Many people on a keto diet restrict or eliminate dairy products. That’s because milk contains a naturally occurring sugar called lactose. Most ice cream and some yogurts contain added sugars on top of that.

However, some dairy products, such as butter, ghee, and some aged cheeses, are naturally low in lactose, and thus they make the cut on a keto diet.

With only 1.75 grams of carbs per 1/4 cup (59 mL), both heavy and whipping cream can be considered keto-friendly (3, 4).

For this reason, many people on keto diets rely on whipping cream or heavy cream as a sugar-free coffee creamer or to make keto-friendly desserts, such as chocolate mousse.

However, both heavy and whipping cream may contain added sugars, depending on the brand, so be sure to check the nutrition label to avoid any confusion.


Heavy and whipping cream are high fat products with a low carb content, which means they’re keto-friendly.

The short answer is yes.

Flavorwise, you may use them interchangeably. However, which one you should use ultimately depends on the consistency of your dish or how thick you want it to be.

Due to its higher fat content, heavy cream produces richer, creamier results, while whipping cream delivers a lighter creamy texture.

For instance, you can use either type to make whipped cream. However, heavy cream allows for a sturdier whipped cream that can hold peaks, while whipping cream delivers a softer and airier version that doesn’t hold peaks as stiffly.

Heavy cream is used in both savory and sweet dishes. When it comes to the savory ones, heavy cream works well in:

  • quiche
  • Alfredo sauce
  • scalloped potatoes
  • creamy mac and cheese

On the sweeter side, people typically use heavy cream to make:

  • ice cream
  • chocolate ganache
  • cake frosting

In contrast, people mainly use whipping cream as a lighter topping for sweet items such as fruit salads and pies.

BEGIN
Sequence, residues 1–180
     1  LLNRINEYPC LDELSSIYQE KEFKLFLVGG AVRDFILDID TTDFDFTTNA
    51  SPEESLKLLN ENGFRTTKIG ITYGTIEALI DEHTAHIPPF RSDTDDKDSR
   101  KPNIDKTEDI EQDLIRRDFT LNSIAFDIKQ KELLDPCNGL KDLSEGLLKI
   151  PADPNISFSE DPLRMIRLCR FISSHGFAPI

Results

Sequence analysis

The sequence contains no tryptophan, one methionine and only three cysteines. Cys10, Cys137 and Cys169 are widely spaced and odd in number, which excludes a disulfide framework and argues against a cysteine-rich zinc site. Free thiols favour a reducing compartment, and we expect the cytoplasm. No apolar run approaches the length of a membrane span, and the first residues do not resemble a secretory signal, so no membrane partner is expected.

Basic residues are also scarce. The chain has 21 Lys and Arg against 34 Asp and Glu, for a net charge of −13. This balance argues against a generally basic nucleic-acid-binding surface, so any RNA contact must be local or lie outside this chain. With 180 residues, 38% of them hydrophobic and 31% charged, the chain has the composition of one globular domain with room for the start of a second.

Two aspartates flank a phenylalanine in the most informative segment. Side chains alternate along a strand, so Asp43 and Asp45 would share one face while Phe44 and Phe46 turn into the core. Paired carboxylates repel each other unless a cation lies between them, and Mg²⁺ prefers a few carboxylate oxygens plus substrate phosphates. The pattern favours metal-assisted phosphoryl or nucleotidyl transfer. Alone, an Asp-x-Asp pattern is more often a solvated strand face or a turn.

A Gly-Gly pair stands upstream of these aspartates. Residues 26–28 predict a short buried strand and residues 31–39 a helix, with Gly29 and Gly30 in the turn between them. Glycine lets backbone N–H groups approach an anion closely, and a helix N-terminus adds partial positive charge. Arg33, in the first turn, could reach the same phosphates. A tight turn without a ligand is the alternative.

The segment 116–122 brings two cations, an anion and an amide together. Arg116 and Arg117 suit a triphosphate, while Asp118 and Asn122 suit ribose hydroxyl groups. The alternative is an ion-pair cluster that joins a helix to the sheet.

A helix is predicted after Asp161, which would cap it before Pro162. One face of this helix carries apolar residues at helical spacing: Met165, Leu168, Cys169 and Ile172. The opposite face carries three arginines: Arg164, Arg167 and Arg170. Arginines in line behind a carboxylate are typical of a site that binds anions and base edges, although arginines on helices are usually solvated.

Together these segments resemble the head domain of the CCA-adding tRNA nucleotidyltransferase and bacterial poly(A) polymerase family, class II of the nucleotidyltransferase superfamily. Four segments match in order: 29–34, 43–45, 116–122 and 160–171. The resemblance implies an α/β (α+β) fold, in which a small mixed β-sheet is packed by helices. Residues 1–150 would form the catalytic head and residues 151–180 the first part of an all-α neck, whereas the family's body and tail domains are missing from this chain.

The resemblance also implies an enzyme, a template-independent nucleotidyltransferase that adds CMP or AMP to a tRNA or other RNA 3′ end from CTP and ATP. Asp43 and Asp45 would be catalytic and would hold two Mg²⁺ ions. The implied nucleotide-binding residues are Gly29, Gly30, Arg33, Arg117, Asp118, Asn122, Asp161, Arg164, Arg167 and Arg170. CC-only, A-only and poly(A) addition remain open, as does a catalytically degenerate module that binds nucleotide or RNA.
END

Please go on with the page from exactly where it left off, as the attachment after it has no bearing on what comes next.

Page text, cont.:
You can use heavy cream and whipping cream interchangeably in cooking, keeping in mind that your choice may change the consistency of your dish. Heavy cream tends to create a thicker, creamier result than whipping cream.

Heavy cream and whipping cream are two similar high fat dairy products that manufacturers make by mixing milk with milk fat.

The main difference between the two is their fat content. Heavy cream has slightly more fat than whipping cream. Otherwise, they are nutritionally very similar.

You can use them interchangeably in recipes without affecting the taste, although they may lead to different consistencies.

Heavy cream typically results in a thicker or creamier consistency, and people use it in both sweet and savory dishes. Whipping cream produces a lighter texture, and people usually reserve it for sweet recipes.

Also, both products are very low in carbs, which makes them suitable for you if you’re following a keto diet. Just make sure the versions you choose don’t contain added sugars.

Just one thing

Try this today: If you don’t have heavy cream or whipping cream at home, you can make your own heavy cream like this:

  1. Melt 1/3 cup (73 grams) of butter in a saucepan.
  2. Add 2/3 cup (160 mL) of whole milk.
  3. Stir over medium-low heat until well combined.